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Wednesday, June 15,2011

Minding Ps and Qs the LGBT way

Author tackles the questions Emily Post never faced

by Bill Castanier

Nearly 90 years after Emily Post wrote what at the time
was the definitive guide to etiquette, Steven Petrow has added what he
calls the definitive guide to LGBT life: “Steven Petrow’s Complete Gay
& Lesbian Manners”.


In the book, he answers new etiquette questions as varied
as what form of PDA (public display of affection) is appropriate for gay
men and lesbians (he says it can vary and for sure is different from
straight people) along with the very modern question of using Facebook
to come out.


Petrow has been writing about gay and lesbian manners for
15 years mostly online at Advocate.com, The Huffington Post, Yahoo!,
GayWeddings.com and on his popular site www.gaymanners.com.


Much of what appears in the book is adapted from his
column “Queeries,” which is a frank Q&A on gay and lesbian
lifestyles and manners.


 “In the gay community, there all these novel situations, such as same-sex marriages and people coming out,” Petrow said.


He became interested in the topic because
there wasn’t a one-stop guide for gays on both the right way and the
good way to do something.


“In traditional manners’ books we are invisible¸” he said.


He also said that the book is a good reference for
straight workers who are more and more coming into contact with LGBT
individuals in the workplace: “Just about everyone has a gay in their
life, and the ultimate reason I wrote the book is to have all of us talk
more and bridge the gap.”


He said the book will help people to respond properly to
situations, such as when people come out, and to questions such as how
to refer correctly to a same-sex partner.


Petrow called the book a “collective project,” having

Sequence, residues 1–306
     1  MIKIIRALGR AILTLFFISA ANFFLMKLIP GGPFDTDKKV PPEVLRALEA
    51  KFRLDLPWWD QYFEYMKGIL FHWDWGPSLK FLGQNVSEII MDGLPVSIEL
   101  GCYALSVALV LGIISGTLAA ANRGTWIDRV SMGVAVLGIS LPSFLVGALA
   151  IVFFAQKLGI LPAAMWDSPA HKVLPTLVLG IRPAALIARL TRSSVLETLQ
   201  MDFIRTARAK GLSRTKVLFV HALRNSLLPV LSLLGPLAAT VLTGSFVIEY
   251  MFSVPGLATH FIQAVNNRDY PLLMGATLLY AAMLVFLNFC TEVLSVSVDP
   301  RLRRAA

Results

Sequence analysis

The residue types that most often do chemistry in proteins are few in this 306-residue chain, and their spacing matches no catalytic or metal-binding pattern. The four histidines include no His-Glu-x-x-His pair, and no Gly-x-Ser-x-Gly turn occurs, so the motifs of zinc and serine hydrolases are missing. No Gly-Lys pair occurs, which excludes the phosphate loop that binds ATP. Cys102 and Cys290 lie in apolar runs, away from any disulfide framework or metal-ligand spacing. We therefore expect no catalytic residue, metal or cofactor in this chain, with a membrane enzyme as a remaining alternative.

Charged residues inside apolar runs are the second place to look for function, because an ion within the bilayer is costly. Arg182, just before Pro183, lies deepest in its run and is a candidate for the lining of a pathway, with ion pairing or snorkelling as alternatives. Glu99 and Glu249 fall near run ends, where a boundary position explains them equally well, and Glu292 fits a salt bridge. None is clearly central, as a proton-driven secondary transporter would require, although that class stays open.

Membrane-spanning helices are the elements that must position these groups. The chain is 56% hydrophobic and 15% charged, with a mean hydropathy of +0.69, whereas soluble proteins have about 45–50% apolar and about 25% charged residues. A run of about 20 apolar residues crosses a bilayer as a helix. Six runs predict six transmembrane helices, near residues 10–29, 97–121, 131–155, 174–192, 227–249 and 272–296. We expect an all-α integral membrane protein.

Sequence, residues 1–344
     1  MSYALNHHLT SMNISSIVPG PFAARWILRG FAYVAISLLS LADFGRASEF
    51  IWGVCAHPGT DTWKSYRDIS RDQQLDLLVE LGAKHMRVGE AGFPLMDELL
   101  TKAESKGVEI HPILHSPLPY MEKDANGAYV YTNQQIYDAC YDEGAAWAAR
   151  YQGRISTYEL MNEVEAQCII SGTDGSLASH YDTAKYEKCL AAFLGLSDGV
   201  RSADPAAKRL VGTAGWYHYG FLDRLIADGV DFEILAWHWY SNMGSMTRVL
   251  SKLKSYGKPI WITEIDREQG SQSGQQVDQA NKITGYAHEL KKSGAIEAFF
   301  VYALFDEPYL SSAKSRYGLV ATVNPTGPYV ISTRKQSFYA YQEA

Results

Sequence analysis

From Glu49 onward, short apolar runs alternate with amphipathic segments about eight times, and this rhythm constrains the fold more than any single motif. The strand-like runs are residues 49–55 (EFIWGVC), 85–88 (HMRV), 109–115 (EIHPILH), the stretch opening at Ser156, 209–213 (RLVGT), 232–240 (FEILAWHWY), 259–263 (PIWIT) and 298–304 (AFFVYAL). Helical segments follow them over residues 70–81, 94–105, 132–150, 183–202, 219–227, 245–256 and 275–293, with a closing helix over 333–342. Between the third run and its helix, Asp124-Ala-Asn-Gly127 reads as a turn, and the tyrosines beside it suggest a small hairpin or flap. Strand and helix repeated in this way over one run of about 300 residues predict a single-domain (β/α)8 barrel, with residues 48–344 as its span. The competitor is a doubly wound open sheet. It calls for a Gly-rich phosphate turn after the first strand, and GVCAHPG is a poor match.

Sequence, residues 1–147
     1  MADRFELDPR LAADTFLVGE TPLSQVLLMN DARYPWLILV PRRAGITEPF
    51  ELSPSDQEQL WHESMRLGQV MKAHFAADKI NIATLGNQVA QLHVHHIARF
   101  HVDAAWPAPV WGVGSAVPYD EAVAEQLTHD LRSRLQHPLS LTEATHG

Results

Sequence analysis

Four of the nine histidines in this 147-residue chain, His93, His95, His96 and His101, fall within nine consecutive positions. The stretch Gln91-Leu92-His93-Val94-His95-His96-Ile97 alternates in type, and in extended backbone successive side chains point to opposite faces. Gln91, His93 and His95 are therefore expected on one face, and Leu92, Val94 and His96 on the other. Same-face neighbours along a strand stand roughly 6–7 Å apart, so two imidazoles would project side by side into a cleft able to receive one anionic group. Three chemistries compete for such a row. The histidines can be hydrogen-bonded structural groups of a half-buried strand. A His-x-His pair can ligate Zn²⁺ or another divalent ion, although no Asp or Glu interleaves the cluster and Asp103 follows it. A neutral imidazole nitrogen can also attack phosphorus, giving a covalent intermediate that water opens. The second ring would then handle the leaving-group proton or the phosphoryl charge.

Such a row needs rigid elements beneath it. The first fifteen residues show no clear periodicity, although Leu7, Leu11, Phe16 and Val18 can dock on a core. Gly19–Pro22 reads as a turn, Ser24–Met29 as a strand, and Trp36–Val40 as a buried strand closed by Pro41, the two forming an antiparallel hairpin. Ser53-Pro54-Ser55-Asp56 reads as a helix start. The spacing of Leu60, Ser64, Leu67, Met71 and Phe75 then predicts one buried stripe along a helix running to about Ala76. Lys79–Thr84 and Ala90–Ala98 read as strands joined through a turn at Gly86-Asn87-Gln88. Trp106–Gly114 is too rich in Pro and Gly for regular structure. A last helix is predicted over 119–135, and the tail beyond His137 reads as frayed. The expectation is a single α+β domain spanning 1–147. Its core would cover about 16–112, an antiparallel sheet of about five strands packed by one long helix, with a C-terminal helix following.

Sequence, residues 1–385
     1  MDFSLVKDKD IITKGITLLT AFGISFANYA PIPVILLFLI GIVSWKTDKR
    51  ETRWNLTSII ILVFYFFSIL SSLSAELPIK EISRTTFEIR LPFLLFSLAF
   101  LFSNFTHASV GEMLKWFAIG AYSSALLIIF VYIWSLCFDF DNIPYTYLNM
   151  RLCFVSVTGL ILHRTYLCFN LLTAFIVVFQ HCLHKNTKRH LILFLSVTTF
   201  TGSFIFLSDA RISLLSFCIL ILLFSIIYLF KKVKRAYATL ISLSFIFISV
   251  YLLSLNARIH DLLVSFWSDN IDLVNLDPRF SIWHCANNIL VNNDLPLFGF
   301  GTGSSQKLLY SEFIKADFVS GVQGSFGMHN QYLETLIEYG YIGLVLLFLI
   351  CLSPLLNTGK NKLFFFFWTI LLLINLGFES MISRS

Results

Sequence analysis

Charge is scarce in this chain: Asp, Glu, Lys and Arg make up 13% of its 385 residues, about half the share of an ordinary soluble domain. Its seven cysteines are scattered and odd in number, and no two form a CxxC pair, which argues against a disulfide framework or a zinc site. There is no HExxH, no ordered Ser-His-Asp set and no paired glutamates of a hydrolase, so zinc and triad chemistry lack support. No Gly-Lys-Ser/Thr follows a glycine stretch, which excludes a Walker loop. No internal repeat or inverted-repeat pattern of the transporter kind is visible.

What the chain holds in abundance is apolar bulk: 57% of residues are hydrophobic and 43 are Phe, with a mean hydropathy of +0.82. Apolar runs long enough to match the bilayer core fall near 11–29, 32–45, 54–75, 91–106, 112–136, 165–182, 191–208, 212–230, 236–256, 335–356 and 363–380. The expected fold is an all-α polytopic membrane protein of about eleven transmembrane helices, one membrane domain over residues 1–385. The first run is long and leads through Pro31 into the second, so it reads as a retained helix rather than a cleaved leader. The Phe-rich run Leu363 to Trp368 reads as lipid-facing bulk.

interviewed more than 200 individuals in the gay world as varied as
wedding planners, personal trainers and psychologists.


He also did extensive online polling through his “Queeries” column and his Facebook postings.


“The Facebook aspect was so helpful to me," he said. "It gave me the pulse of public opinion and to see where the groove was.”


He said his book tour has uncovered what he calls “a fair
amount of vitriol” from some individuals in the media. He cites as an
example one question from a radio interviewer who asked “why gay men are
effeminate.”


“Talk about a stereotype. That was inappropriate at best
and harmful at the worst. I was really hoping the book would push the
need for respect and that we can talk to each other with respect.It’s
better to hear what people are thinking — say it, and we can talk about
it.”


Petrow said that he is especially encouraged by the number
of teenagers that have responded to surveys on social media about
modern manners.


Petrow’s guide is no pamphlet-like throwaway. Coming in at
more than 400 pages, it answers weighty questions, such as “which name
goes first in a salutation of a letter or e-mail to a gay couple.”


“Complete Gay & Lesbian Manners” also offers advice on
issues that cut across the board with both gays and straights. For
example, in a section called “digital etiquette 101” Petrow has hints
that U.S. Rep, Anthony Weiner could have used when it comes to texting:
“Don’t! If you text a picture of your naked body, even just one part of
it to a friend, it’s pretty much the same as posting it permanently on
the Internet.” 


Some items that were not found in Emily Post’s guide to
manners pop up in Petrow’s with regularity. Post never had to deal with
civil disobedience or kiss-ins. Petrow’s three points to remember for a
kiss-in are “be clean and kissable, share the joy, and no tongues.”


Petrow also covers some significantly more serious issues,
such as dealing with anti-gay bullying, telling someone his HIV status
before sex and the best way to ask someone to donate sperm. 


One similarity between Petrow’s guide to manners and
Posts’ is advice on weddings. The author said he received the most
questions about weddings.


He also offers one final piece of advice to straights:
“When you hear an anti-gay joke, the right thing to do is say, ’Not so
funny.’”


You can reach out to Petrow through Facebook.com/gay manners, twitter.com/gaymanners and gaymanners.com.


Steven Petrow
7 p.m. Tuesday, June 21
Schuler Books & Music
2820 Towne Center Blvd.,
Lansing
Free
(517) 316-7495

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